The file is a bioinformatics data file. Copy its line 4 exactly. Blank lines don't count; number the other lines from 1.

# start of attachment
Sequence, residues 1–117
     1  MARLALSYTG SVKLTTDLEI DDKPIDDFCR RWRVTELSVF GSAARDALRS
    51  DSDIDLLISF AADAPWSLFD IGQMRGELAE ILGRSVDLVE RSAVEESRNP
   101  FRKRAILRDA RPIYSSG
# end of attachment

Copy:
   101  FRKRAILRDA RPIYSSG